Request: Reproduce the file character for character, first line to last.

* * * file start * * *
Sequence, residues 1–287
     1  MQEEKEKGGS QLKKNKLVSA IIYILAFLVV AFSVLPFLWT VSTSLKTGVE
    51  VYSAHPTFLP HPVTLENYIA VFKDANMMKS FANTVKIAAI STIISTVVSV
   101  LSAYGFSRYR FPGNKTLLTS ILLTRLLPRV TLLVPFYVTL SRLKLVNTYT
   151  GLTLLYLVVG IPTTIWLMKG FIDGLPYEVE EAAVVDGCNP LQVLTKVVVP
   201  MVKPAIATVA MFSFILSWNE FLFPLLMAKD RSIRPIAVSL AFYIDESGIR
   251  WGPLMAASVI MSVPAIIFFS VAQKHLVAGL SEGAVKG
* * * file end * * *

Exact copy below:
Sequence, residues 1–287
     1  MQEEKEKGGS QLKKNKLVSA IIYILAFLVV AFSVLPFLWT VSTSLKTGVE
    51  VYSAHPTFLP HPVTLENYIA VFKDANMMKS FANTVKIAAI STIISTVVSV
   101  LSAYGFSRYR FPGNKTLLTS ILLTRLLPRV TLLVPFYVTL SRLKLVNTYT
   151  GLTLLYLVVG IPTTIWLMKG FIDGLPYEVE EAAVVDGCNP LQVLTKVVVP
   201  MVKPAIATVA MFSFILSWNE FLFPLLMAKD RSIRPIAVSL AFYIDESGIR
   251  WGPLMAASVI MSVPAIIFFS VAQKHLVAGL SEGAVKG